After surviving a week or two of polar conditions that would make Shackleton hesitate, it seemed like a good time to share some knowledge about dressing to survive winter that’ll motivate you to keep doing things outside—even though you just finished preparing for full-on hibernation.
After all, everyone needs sunshine in winter as much as (perhaps more) in the summer, so why not delay the start to “treadmill season” just a little more?
1. Wear more clothes
Yup, this is true—you do have to put more stuff on. The clothing doesn’t have to be fancy, either, despite what magazines might tell you.
Start with thinner layers close to your skin (choose pretty much anything but cotton) and get thicker as you work your way out. If you’ll be outside for a while, save your wind layer for the top. That old-school patterned fleece from the 80s you found in the attic? Totally fair game—wool is wool, after all.
2. Prepare to be sweaty
It seems counterintuitive, but it’s true. Once your blood starts pumping to keep your extremities warm way at the end of your legs and arms, you’ll definitely sweat. It won’t evaporate anywhere, either, because of all those layers you’re wearing. (You’ll also instantly begin to sweat the second you walk inside—speed in delayering is key.)
Sweat isn’t a huge deal if you’re only outside for a short time or if it’s not terribly cold. But if you’re planning to stay outside for a while, then getting sweaty means getting cold. Depending on temperatures and exposure time, that means anything from being mildly uncomfortable to starting down the road to hypothermia.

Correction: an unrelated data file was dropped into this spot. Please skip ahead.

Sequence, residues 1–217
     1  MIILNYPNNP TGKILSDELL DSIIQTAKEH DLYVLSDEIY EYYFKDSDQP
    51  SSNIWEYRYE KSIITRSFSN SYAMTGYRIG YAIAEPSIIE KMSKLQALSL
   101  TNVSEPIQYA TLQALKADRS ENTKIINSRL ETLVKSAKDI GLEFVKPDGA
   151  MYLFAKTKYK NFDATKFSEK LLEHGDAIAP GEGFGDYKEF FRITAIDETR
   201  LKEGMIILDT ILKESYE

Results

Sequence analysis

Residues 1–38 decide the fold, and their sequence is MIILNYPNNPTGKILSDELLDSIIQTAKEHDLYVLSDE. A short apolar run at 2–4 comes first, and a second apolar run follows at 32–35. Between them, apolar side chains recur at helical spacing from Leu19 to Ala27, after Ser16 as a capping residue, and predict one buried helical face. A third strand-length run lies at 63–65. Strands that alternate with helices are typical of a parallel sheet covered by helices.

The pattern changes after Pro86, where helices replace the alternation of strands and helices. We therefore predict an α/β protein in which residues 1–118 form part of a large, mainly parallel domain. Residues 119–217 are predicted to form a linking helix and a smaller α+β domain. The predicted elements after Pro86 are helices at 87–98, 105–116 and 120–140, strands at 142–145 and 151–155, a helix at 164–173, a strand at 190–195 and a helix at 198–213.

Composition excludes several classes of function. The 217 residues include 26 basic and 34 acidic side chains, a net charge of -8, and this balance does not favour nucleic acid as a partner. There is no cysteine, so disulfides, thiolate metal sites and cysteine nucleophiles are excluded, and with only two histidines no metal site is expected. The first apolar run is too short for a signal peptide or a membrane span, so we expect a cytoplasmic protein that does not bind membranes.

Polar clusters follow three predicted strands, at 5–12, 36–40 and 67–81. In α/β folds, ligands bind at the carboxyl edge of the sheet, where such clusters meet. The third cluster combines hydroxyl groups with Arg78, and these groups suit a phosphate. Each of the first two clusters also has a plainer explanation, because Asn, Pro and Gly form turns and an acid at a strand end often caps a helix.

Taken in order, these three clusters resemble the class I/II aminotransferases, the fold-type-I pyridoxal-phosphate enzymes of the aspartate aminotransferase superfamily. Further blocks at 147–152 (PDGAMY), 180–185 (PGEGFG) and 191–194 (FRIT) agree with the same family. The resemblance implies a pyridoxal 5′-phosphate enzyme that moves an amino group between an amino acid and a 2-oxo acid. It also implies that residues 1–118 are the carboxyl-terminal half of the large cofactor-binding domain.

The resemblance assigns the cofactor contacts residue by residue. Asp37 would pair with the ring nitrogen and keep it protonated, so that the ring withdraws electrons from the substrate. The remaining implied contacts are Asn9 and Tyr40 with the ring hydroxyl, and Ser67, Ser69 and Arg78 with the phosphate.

What to do? First, make sure you’re wearing the right number of layers for the weather you’re in (this may take some experimenting). Second, have a way to take off the layers you don’t need and a place to stash them (a backpack, fanny pack, or behind a bush are all good options).
3. Bring extra shoes
If you’re in a place that requires winter boots to get from point A to point B, pack a second set of shoes so you don’t have to tromp around in your boots all day once you’re inside. A set of bedroom slippers is perfect if you can get away with it—lightweight and deliciously comfy.
4. Plan transition time into your day
With all the extra clothing you’re wearing, you’ll need at least 7 extra minutes before and after arriving at your destination for putting on and taking it all off. It’s just a fact of life.
What do you do for clothes in the winter? Do you have a whole other wardrobe, or just add a jacket on top? Add your ideas in the comments.